Carefully research information regarding the price and terms of sales in today’s real estate market. Investigate recent sale prices of properties similar to yours in your immediate area.  Know the property lot size, current tax information, and relevant property disclosure laws.  Then establish a realistic price for your property based on that information.


I suggest you go to your local real estate clubs and get more buyers there! You know, its like if you wanted to find a job really quick. You can go to several head hunters, several temp to hire agency, and you can put all these people to work for you - for not a dime of your money. Thats what I call people leveraging. When your at home, you are going to have several people calling you back to tell you about offers they have for you and you can then cherry pick the offers and take the one that best fits you. Real estate clubs are full of people who want to find you buyers - these people are called wholesalers. And guess what, you can have as many as you need. I say, work smart not hard!
While a good agent can certainly help with the negotiation process, he or she also has a vested interest in the transaction. “And closing the deal may in some cases be more important to the agent than getting you the absolute best price,” Schorr says. If you’re a good negotiator and can handle the process without emotion and with clear eyes, you might do better on your own.
Bargain hunters: Of course, some buyers may find you even without a buyer’s agent. “If you have a great house, in a sought-after neighborhood, and you’re on a busy road where you’ll get a lot of visibility, then you might do fine working with only the unsigned homebuyers who discover your house on their own,” says Schorr. If you’ve got a charmer with a great kitchen in an affordable price range, they’ll find it online no matter how far off the beaten path you are.
In recent years, however, a combination of extremely low interest rates on savings accounts coupled with fluctuations in the stock market have helped to increase interest in the purchase of land as part of an investment strategy. These conditions may seem negative, but they can be good news for land owners. If you currently own vacant property that you would like to sell, the following tips are designed to help you get your land noticed by more buyers, increase your chances of getting a great offer and move on to a successful sale.
While a good agent can certainly help with the negotiation process, he or she also has a vested interest in the transaction. “And closing the deal may in some cases be more important to the agent than getting you the absolute best price,” Schorr says. If you’re a good negotiator and can handle the process without emotion and with clear eyes, you might do better on your own.
In the very least, your land contract should include the address of the property and a full legal description of the land. It should also include the down payment amount, purchase price, the number of payments that will be made, the monthly payment amounts, and any balloon payments that may be required. You may also consider creating and attaching an amortization schedule.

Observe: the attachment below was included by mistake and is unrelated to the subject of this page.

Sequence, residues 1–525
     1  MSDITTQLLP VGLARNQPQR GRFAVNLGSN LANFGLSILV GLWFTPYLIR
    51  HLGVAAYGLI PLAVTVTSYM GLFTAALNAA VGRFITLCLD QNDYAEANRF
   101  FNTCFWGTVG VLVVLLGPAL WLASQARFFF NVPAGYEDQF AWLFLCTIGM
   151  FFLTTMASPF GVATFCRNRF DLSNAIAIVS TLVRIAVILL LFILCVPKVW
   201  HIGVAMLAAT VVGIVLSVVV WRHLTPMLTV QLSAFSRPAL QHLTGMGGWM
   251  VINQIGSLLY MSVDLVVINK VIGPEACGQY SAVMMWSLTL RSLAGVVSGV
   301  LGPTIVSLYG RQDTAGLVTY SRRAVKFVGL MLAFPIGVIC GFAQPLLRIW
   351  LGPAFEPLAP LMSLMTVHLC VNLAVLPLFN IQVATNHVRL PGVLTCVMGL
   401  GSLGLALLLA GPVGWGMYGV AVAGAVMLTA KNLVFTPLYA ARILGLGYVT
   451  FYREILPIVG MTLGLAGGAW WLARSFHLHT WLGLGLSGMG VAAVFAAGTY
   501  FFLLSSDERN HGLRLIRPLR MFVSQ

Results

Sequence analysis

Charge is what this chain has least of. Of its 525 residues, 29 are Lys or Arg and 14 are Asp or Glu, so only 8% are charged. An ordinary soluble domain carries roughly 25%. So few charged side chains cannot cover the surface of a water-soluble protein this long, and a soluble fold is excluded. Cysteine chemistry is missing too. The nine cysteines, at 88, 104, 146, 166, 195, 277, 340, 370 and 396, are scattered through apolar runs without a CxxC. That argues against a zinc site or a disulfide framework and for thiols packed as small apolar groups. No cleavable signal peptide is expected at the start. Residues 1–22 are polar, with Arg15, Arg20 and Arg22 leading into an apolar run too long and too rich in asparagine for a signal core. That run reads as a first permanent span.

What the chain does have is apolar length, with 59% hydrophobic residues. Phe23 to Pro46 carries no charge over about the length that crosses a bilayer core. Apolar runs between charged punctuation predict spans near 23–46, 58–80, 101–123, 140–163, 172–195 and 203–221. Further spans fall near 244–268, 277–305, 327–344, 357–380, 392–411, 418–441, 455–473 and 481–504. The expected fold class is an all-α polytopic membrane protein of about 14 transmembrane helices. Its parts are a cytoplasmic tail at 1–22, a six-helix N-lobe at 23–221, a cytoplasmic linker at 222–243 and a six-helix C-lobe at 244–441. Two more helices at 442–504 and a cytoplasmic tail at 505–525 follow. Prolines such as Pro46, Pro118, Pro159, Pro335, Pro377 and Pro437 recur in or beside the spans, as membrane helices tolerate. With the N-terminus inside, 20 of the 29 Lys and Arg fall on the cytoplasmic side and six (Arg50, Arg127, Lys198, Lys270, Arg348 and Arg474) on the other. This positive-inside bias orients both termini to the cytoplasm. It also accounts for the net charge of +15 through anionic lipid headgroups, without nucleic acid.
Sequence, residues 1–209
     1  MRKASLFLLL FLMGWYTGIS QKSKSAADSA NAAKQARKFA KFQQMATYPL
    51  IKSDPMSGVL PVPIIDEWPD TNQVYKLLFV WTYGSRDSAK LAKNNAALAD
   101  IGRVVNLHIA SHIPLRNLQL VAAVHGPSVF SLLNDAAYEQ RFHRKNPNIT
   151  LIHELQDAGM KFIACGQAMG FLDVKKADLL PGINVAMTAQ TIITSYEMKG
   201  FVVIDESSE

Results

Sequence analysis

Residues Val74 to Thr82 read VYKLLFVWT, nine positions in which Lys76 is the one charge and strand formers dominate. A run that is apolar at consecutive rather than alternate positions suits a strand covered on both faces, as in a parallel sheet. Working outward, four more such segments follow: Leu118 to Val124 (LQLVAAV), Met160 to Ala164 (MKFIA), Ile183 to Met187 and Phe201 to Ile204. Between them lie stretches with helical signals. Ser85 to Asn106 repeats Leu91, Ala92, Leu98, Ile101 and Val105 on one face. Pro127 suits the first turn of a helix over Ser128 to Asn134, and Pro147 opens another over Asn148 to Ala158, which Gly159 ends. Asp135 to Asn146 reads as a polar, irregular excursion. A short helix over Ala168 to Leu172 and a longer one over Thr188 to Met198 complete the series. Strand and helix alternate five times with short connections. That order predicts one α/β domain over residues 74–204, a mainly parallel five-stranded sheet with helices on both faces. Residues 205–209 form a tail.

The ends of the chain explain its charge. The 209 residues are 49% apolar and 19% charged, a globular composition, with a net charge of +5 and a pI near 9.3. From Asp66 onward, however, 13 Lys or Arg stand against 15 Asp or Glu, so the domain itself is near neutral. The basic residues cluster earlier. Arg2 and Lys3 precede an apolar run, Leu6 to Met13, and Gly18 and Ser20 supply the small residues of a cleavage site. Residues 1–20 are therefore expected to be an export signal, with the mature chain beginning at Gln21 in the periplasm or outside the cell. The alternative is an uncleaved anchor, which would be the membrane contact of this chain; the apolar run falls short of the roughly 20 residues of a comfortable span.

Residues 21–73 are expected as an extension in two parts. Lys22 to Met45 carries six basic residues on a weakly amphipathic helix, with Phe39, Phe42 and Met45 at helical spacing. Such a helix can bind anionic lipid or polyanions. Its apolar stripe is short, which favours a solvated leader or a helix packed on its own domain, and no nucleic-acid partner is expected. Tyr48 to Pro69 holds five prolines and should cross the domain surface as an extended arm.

Hi Laura – in pretty much every case, you’ll have to at least sign the deed in front of a notary, so it’s a little strange they didn’t mention that. If they aren’t going to use a title company, that’s not necessarily a deal-killer thing, but it means they really need to understand what they’re doing, and how to get everything properly documented and closed (and if they didn’t mention the deed/notary thing, that makes me wonder).
An attorney’s office or a title company can prepare closing documents for a land contract sale, but only the parties themselves or an attorney can prepare the actual land contract document and land contract memorandum. It is important to keep copies of all documents involved in closing on a land contract to verify required filings are performed and to protect each party’s interests in the sale.
1.  The Road:  The better the condition of the access road, the better impression your property will make.  If your land is three miles of bad county-road away from pavement, then I wouldn’t waste a lot of money making the access from the county road any better than the county road itself, but remember that you can do quite a bit to civilize a dirt driveway with a tractor and blade.   If you don’t have too much length to cover, there’s no substitute for a layer of 1” crushed rock (or larger rock in deep mud-holes).  One layer of 1” rock one lane wide will cost you about 75¢ per foot around my neighborhood.  Needless to say, if the property is on a road maintained by the county, or some other local government entity, and if this road has any work that needs to be done, this is an excellent time to complain politely about it to the wonderful folks on the Road Board.  Most counties grade their roads once or twice a year, but some roads that don’t get much traffic may be neglected if no-one complains.